'The Go-Go's' Preview: How one girl group revolutionized the music industry with their talent, grit and charm

Emerging out of the punk movement in LA during the 1980s, the all-female new wave ensemble wrote and played their own anthems, and became a multi-platinum success story


                            'The Go-Go's' Preview: How one girl group revolutionized the music industry with their talent, grit and charm
The Go-Go's (Showtime)

'The Go-Go's', a new music documentary about the legendary girl group from the 1980s, the Go-Go's, will be airing on the Showtime network this Friday, July 31, with a repeat telecast on August 1. Here's everything you need to know about the feature, which was directed by Alison Ellwood, of 'History of The Eagles' and 'Laurel Canyon' fame.

Speaking about her lovingly crafted story, which earned rave reviews at the Sundance Film Festival, Ellwood explained, "I’ve always been a huge Go-Go’s fan. When the band asked me to direct this film, I was thrilled. Like a lot of people, I thought of them as this wonderful, bubbly, all-girl pop band from LA. What I’ve discovered is a much more complex and deeper truth.” Elaborating further, she noted, “While their musical hooks are perfect for a summer release, if you listen to their lyrics, you discover a grittiness and sophistication that serves as subterfuge beneath a seemingly effervescent surface."

Poster for 'The Go-Go's' (Showtime)

Like Elwood, most listeners and members of the MTV generation remember the Go-Go's for their bubbly charm and undisputable songwriting chops. As the band themselves proudly declared at the start of the documentary, "We are the first all-girl band, that wrote their own material and played their own instruments, to be really successful." Their multi-platinum-selling albums and numerous Billboard hits speak for themselves, as the band rode an unprecedented wave of girl power and punk-pixie attitude into an era of mega-stardom. But this documentary also chronicles the painful vices and in-fighting that plagued the band, even while they were still coming to terms with their burgeoning success in the early '80s. As the press release for the documentary stated, “This candid archive-rich biography assesses the group’s place in pop history and examines the personalities and dynamics behind their rise, fall, and numerous reincarnations. Until this film, there has never been a serious appraisal of the Go-Go’s talents or achievements –as musicians, groundbreakers, but even more so, as survivors.”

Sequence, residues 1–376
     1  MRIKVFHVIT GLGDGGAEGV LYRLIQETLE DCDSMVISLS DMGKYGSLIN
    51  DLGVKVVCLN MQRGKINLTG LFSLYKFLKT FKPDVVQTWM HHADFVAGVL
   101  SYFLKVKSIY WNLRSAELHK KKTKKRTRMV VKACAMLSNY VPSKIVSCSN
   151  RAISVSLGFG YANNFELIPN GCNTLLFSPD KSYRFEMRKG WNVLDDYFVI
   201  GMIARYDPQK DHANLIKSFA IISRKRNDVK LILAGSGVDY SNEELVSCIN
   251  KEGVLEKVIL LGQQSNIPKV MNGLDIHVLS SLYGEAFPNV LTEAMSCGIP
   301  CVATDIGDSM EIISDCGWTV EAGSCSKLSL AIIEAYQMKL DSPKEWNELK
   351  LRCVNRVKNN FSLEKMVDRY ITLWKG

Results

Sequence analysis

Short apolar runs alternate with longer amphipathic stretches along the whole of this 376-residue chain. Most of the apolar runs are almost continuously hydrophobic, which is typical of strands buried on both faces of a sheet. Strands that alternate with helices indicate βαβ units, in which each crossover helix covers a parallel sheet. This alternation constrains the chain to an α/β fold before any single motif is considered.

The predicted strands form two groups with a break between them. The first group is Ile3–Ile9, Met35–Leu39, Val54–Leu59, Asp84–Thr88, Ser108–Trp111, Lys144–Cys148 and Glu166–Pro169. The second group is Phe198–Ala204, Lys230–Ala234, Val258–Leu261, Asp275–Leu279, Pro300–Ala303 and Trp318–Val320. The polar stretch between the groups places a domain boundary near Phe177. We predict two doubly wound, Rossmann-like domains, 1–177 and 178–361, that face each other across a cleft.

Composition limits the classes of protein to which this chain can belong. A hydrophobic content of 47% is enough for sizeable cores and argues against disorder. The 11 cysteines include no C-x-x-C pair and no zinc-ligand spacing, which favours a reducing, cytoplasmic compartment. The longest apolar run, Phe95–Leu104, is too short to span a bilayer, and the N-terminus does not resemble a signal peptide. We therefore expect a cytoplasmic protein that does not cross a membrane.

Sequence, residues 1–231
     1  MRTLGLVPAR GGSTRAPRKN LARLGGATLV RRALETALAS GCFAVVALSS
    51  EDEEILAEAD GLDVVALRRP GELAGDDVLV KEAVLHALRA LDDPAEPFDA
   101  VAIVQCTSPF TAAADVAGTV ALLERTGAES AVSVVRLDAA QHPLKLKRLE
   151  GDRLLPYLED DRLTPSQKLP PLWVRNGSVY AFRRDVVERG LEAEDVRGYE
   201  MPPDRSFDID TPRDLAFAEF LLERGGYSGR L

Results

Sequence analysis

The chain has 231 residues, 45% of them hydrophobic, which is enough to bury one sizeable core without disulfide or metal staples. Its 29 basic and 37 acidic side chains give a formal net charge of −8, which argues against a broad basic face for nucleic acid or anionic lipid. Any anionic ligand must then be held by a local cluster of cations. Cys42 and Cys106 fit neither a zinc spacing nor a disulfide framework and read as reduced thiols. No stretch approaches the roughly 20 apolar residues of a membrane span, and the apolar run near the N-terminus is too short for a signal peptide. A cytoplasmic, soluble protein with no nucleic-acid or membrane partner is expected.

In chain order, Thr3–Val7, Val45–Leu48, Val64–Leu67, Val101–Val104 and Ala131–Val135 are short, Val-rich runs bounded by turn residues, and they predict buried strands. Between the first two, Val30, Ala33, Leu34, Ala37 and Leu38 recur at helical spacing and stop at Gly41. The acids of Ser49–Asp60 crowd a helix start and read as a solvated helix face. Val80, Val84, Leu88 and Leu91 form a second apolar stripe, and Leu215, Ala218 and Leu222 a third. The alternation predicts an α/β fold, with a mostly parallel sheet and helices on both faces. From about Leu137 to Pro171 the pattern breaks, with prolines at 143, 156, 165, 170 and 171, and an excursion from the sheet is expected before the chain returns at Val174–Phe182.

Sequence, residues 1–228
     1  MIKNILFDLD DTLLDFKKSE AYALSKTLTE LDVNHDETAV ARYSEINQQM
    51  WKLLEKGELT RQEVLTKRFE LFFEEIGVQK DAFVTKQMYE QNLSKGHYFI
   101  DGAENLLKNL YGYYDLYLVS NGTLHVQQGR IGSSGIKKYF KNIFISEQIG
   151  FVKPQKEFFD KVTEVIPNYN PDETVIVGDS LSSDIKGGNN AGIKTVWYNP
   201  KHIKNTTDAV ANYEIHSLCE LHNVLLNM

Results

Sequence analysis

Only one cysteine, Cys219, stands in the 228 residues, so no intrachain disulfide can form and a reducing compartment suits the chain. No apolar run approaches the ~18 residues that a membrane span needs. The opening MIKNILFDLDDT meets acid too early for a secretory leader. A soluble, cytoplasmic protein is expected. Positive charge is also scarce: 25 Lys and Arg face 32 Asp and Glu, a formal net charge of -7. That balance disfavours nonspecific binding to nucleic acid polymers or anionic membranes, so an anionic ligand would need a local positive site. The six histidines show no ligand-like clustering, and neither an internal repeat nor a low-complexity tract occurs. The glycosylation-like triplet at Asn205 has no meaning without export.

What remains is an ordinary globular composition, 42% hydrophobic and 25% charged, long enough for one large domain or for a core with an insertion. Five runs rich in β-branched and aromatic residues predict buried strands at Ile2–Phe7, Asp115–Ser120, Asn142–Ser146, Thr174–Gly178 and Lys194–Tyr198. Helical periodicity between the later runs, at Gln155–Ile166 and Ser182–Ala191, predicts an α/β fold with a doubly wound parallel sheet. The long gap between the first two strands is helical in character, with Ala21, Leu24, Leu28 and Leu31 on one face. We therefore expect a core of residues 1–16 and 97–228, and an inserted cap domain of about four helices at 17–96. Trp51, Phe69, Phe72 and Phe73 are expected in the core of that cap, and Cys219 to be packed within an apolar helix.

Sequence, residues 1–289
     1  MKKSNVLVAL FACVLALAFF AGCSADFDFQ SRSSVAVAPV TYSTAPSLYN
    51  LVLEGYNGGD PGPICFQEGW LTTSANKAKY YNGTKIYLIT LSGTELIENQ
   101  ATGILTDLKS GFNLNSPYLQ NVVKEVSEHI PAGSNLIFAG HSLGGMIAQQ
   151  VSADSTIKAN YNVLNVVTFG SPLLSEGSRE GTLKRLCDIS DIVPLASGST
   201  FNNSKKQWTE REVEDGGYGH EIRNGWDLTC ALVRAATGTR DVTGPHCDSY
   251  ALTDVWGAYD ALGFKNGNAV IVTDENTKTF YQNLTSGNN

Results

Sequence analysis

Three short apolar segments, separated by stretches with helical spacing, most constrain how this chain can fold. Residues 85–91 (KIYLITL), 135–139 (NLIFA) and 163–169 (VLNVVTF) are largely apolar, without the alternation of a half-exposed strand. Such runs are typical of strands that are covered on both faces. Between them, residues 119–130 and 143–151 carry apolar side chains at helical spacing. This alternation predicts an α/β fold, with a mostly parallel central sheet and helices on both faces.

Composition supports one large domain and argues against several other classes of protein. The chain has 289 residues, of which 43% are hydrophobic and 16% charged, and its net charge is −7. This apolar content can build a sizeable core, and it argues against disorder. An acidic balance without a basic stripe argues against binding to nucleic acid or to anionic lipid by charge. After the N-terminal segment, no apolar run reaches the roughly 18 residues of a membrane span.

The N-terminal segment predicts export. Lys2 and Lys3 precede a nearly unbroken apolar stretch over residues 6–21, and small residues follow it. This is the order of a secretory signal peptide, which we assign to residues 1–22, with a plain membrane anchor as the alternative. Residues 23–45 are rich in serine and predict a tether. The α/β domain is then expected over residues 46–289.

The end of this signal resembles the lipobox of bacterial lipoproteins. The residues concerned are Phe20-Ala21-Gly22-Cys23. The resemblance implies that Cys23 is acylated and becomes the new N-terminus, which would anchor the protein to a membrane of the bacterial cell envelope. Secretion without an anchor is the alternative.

The Go-Go's (Showtime)

And that's really what this documentary is about, with survival being the crowning glory of this group's myriad achievements. Ellwood shows us the origin story of The Go-Go's during the height of the LA punk scene in the late '70s, giving screen time to each band member as they piece together the multi-hued narrative of this explosive and talented girl group. We're treated to archival footage of past performances, as well as present-day interviews with lead singer Belinda Carlisle, lead guitarist/keyboardist Charlotte Caffey, rhythm guitarist Jane Wiedlin, bassist Kathy Valentine and drummer Gina Schock. We also get to hear from former band members like bassist Margot Olavarria and drummer Elissa Bello and the replacement bassist Paula Jean Brown. Also making appearances are former manager Ginger Canzoneri, Kathleen Hanna of Bikini Kill, Lee Thompson of Madness, Lynval Golding of The Specials, the punk poet Pleasant Gehman, Stewart Copeland aka the drummer of The Police and Miles Copeland of IRS Records, among others.